Jul 24 – 28, 2017
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Canada/Eastern timezone

Search for the Two Neutrino Double Electron Capture with XENON1T

Jul 24, 2017, 2:30 PM


Contributed talk Neutrinos Neutrino Parallel


Mr Alexander Fieguth (University of Muenster / XENON collaboration)


XENON1T, widely known as the next step in the challenging hunt for direct dark matter detection, provides the possibility for the study of interesting physics beside its main purpose. One promising example for this is the search for different beta decay modes of $^{124}$Xe. Here the process of Two Neutrino Double Electron Capture (2$\nu$DEC) is the first one to look for as it is predicted by the Standard Model and is favored compared to any process involing the creation of positrons (e.g 2$\nu$EC$\beta^+$, 2$\nu\beta^+\beta^+$). However, an observation of this decay would be the first direct evidence for this decay mode, since so far there is only an indication for $^{78}$Kr and an indirect observation for $^{130}$Ba. The detection for $^{124}$Xe would shed light on uncertainties coming from nuclear matrix element(NME) calculations and can help to distinguish the viability of different NME determination methods.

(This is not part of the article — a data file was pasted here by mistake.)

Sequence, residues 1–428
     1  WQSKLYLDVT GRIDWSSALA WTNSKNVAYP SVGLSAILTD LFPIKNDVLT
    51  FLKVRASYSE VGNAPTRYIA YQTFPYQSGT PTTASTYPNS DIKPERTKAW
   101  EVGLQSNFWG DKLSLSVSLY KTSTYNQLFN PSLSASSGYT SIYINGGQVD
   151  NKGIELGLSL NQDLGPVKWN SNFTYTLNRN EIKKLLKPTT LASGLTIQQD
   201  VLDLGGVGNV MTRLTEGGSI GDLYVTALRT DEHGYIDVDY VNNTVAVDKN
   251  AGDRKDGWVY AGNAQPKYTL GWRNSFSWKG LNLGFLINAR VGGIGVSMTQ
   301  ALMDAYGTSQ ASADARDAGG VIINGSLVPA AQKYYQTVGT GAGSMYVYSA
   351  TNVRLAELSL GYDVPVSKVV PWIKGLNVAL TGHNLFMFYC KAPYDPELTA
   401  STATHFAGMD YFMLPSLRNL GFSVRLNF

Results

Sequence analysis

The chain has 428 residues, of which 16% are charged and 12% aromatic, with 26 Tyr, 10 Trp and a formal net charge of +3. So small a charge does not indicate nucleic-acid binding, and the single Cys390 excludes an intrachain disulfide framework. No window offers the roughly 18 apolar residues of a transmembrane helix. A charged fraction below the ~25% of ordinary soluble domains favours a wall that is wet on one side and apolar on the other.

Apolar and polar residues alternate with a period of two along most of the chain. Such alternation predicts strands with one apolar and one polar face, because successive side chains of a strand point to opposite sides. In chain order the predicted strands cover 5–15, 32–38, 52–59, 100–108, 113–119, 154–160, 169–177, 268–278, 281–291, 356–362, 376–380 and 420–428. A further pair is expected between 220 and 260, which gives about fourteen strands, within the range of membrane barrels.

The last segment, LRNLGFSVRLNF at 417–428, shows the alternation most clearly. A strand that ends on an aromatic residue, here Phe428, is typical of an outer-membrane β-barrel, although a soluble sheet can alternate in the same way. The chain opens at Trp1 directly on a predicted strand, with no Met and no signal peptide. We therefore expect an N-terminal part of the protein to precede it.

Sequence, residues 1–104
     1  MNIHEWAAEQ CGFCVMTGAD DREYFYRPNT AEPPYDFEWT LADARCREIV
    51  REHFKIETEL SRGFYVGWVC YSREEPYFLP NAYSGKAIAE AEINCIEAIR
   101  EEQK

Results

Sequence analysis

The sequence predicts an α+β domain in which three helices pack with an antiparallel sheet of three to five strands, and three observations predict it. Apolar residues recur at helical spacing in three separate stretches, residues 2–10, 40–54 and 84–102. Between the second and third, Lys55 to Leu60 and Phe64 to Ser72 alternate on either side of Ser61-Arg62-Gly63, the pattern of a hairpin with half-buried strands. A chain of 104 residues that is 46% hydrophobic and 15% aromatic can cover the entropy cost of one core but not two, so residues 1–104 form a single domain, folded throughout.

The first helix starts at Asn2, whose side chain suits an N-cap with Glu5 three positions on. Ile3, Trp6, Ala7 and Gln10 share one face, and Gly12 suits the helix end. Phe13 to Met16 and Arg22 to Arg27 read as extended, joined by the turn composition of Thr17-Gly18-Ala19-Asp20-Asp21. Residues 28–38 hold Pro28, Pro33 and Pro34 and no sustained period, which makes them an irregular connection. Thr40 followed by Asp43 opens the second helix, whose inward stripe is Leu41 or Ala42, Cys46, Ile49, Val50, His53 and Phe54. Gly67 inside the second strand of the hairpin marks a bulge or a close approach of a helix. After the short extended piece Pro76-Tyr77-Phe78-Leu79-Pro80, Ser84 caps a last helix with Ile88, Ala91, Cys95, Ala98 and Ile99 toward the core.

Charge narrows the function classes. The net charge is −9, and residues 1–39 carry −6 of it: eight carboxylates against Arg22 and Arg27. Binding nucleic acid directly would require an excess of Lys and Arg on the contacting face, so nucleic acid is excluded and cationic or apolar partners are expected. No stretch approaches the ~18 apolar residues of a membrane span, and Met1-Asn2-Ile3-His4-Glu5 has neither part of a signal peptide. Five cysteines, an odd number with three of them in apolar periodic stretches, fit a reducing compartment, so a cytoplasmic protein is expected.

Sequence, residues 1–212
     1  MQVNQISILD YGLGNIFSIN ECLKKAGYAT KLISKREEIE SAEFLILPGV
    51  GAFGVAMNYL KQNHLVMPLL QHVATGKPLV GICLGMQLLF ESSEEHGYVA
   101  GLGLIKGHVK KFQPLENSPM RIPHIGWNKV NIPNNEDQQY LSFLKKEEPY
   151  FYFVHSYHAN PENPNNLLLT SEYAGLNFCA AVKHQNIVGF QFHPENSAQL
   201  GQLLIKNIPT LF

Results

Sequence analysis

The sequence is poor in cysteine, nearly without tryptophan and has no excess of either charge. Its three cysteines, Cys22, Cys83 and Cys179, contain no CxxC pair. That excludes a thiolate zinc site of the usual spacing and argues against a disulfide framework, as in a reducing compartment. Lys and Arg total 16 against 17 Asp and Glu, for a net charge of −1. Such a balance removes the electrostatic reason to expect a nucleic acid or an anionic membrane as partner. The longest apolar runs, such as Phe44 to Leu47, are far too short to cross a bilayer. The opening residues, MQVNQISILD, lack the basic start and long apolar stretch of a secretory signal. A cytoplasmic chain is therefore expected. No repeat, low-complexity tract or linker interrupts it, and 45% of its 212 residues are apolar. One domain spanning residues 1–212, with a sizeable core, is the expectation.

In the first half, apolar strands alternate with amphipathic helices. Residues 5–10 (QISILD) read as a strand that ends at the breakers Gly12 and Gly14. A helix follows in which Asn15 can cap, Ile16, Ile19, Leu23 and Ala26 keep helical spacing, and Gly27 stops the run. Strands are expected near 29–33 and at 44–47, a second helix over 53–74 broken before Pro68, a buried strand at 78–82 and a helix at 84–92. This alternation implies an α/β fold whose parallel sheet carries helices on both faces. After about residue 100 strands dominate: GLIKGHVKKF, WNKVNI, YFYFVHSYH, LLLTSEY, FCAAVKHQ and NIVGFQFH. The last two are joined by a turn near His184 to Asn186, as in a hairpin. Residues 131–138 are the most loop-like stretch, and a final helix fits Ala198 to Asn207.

For $^{124}$Xe there is only a lower limit on the half-life set by the XMASS experiment at 4.7$\times$10$^{21}$ yrs. A previously conducted search using the XENON100 data showed the possiblity of the XENON detectors to search within this region due to the advantageous low background. For XENON1T the background around the signature of this decay at around
64 keV has been improved by more than one order of magnitude and combined with the large mass of the detector (>1 ton fiducial) it will be the most sensitive detector in the world and has a fair chance to find the 2$\nu$DEC. Since the data used for this search is the same as for the dark matter run, there has been data acquired since November 2016 and the results of this data set will be shown within this contribution. The work of the contributor is supported by BMBF under contract number 05A14PM1 and DFG (GRK 2149).

Primary author

Mr Alexander Fieguth (University of Muenster / XENON collaboration)

Presentation materials